There are risks with renting out condominium units. The case of York Condominium No. 187 v. Sandhu, 2019 ONSC 4779, demonstrates an extreme risk.
Sandhu owned a condominium unit. She leased it to a tenant.
The tenant was in constant conflict with building management and ultimately sued the condominium corporation (“YCC”) for over $5 million. The claim failed miserably. The court ordered costs of approximately $86,000 in favour of YCC.
The by-laws of YCC required any expenses paid by YCC to defend the tenant’s lawsuit, including its legal fees, to be charged to the common expenses of Sandhu’s unit. If Sandhu did not pay the expenses, the by-laws required YCC to place a lien on her unit.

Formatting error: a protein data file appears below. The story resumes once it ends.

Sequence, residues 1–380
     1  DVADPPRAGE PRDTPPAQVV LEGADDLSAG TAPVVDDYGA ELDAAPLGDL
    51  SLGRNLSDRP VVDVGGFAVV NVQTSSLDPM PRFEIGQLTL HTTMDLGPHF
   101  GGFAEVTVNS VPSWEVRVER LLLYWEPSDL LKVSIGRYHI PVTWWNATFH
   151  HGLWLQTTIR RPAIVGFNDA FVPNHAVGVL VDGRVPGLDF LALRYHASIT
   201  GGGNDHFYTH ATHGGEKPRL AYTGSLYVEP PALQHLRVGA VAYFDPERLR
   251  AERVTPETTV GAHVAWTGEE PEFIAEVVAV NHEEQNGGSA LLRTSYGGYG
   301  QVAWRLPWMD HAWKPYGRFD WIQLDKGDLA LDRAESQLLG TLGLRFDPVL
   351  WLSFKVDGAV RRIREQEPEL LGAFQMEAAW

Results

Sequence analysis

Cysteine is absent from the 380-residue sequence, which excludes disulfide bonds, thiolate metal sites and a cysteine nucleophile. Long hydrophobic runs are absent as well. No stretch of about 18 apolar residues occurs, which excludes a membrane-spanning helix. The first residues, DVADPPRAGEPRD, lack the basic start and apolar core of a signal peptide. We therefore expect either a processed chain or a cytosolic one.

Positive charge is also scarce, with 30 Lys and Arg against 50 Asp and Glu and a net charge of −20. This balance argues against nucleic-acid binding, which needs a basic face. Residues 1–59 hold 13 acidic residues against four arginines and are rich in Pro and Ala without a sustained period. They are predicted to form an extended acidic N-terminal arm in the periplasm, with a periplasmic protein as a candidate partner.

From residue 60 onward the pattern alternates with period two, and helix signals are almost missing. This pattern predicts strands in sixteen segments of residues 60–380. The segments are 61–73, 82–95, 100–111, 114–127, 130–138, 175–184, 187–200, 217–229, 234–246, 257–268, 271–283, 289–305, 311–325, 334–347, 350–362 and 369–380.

Sandhu did not pay her common expenses in relation to the cost order and YCC’s legal expenses. As a result, YCC had a lien registered on Sandhu’s unit. Subsequently, YCC provided notice to Sandhu that it intended to sell her unit.
Justice Bawden held that the lien was valid. He granted YCC possession of the unit so that it can be sold.
Justice Bawden stated that it is painful to take away Sandhu’s home. However, the alternative would be to burden the other unit owners with the expenses.